In case of unavoidable need to have a shareholders meeting (and this does not contradict with emergency situation orders), try to reduce the number participating people so that shareholders provide written or digitally signed power of attorneys to one ore few people.

Also check your company’s AoA if it contains possibility and the procedure to carry out the voting by “mail in writing” and/or “electronically”.  Electronic voting means that shareholders vote during or prior to meeting by signing resolutions with Estonian digital signature.  If so set out in the AoA or a resolution of the management board or the supervisory board, the meeting may be transmitted in full or in part in real time via the Internet, using two-way communication or any other technically secure manner. However, watching the transmission shall not be considered participation in the meeting.

Listed public limited companies have also possibility to carry out special electronic participation at the meeting which is not dealt here in more detail.


Inability to Pay Taxes or Credit on Time




In case of inability to pay taxes on time, the company is entitled to apply to the State Tax Inspectorate (STI) under Article 88 of the Law on Tax Administration of the Republic of Lithuania due to deferral or spreading the time limit for discharging arrears in payments. Likewise, if there are no late tax payments at the moment, but it is clear that the company will not be able to pay taxes on time, it has a right to submit a request due to deferral or spreading the time limit for discharging arrears in payments before they are formed, but not earlier than 20 days prior to the due date.

However, such a request does not oblige the STI, therefore the company should justify why it cannot pay the full amount of taxes at time (for example, loss of income due to the state order to stop certain activities during a pandemic; making the necessary payments would put the company in a critical situation; the company would be at risk of insolvency and would be unable to fulfil other obligations, such as paying salaries to employees, and so on), and that deferring payment of taxes or spreading the time limit for discharging arrears in payments would stabilize company’s financial situation and make payment of the tax possible.

In cases where taxpayers are temporarily out of business activities due to the quarantine and coronavirus pandemic (do not enter into or execute any transaction; do not settle transactions with economic entities; receive no income other than interest on the cash funds held in the taxpayer's bank accounts), they may be temporarily exempt from submission of tax returns and / or other documents specified in legal acts to the STI submission.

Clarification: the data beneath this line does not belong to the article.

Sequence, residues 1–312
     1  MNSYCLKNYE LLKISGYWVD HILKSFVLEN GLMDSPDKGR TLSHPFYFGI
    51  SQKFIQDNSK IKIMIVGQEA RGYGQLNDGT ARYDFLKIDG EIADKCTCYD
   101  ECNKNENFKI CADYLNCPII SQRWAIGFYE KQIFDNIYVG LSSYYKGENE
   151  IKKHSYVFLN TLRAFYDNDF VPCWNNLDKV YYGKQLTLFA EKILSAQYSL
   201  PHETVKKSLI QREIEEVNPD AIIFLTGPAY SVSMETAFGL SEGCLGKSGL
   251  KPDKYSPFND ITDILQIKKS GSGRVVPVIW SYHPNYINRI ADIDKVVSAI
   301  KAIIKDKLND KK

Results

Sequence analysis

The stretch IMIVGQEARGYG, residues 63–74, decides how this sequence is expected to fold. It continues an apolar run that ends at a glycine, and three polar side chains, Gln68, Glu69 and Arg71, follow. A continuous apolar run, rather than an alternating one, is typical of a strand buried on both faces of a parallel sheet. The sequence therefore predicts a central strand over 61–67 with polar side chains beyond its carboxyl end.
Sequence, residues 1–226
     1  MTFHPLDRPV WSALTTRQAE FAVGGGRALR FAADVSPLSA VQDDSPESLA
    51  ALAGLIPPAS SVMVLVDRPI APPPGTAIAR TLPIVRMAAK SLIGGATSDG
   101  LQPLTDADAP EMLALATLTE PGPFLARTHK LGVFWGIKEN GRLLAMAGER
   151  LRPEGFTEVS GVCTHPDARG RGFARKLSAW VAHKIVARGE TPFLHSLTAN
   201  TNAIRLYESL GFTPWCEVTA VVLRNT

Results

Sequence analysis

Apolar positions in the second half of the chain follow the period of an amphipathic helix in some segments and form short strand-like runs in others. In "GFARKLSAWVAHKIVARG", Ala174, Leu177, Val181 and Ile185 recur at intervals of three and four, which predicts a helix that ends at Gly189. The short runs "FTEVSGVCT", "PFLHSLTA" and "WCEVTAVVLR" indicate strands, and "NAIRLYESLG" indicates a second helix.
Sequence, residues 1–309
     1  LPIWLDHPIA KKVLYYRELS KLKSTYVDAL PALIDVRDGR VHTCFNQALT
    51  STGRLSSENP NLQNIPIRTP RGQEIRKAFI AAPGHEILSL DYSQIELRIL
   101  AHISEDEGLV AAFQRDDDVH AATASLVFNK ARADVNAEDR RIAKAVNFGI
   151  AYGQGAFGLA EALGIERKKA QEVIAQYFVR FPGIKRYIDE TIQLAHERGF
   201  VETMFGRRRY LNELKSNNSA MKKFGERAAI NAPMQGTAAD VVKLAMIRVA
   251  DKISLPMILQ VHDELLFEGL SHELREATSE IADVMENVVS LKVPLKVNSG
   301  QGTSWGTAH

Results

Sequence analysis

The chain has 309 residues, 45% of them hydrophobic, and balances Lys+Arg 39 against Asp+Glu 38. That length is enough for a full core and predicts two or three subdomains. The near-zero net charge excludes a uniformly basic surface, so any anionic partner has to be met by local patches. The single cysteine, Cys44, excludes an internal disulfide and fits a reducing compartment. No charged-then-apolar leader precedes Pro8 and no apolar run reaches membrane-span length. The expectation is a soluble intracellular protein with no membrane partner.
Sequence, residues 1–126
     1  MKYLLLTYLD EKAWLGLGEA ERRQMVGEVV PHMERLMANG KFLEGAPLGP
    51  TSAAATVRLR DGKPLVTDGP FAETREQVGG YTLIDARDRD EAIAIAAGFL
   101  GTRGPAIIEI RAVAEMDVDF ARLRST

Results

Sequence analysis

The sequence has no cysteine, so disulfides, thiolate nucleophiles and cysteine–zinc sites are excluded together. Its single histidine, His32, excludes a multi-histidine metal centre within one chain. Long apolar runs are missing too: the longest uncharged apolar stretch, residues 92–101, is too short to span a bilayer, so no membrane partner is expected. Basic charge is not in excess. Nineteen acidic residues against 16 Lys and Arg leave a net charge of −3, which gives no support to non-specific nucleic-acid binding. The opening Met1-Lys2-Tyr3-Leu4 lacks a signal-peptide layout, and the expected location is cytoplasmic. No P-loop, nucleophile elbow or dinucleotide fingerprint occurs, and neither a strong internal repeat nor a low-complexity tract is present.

Due to COVID-19 caused quarantine, lot of the time limits for submitting documents, information or declarations to the Registers or STI are extended (mostly for 2 months) as well.

Companies with customs debts for customs-administered taxes (import VAT, excise duties) can also apply to the customs for suspension of recovery of excise duties and VAT, conclusion of tax loan agreements without interest and exemption from interest on arrears.

The STI informed that assistance provided by entrepreneurs supporting medical institutions with money, food, security measures and charity as well as assistance provided by fund-raising charities and support funds is recognized as support for tax purposes, therefore entrepreneurs will be able to benefit from tax benefits; there will be no additional charges for medical and medical institutions that have received support.

Lenders of real estate and consumer credit are obliged to defer payment of the instalments at the request of the borrower when at least one third of the income of the borrower or his spouse is lost.

According to Latvian tax law the taxpayers might be entitled to use statutory measures to request extensions of the tax payment terms for the maximum period of 3 years. 

On May 26th, 2020 the Chamber of Ministers passed regulations “On Provisions for employers affected by the Covid-19 crisis who qualify for downtime state benefit or deferral or payment schedule for the delayed tax payment for up to three years”.

The taxpayers representing the sectors affected by the crisis (as determined by the government) have the right to apply for an extension of the term for the payment of taxes, as well as to request that an extension of the term for the payment of taxes is granted to such late tax payments the term for the payment of which has been extended in accordance with Section 24 of the law On Taxes and Duties if the delay in the payment term has occurred due to the spread of COVID-19. The taxpayer shall, not later than within two months after setting in of the term for payment or the day of coming into force of the Law On Emergency State, the Law On Measures for the Prevention and Suppression of Threat to the State and Its Consequences Due to the Spread of COVID-19, submit a justified application to the tax administration. The tax administration has the right to divide the payment for late tax payments in instalments or to defer it for a period of up to three years as of the date of the submission of the application. No penalty payments are applied in this case.

The taxpayer is entitled to apply for the deferral or division of the payment for late tax payments in instalments if it complies with one of the following criteria: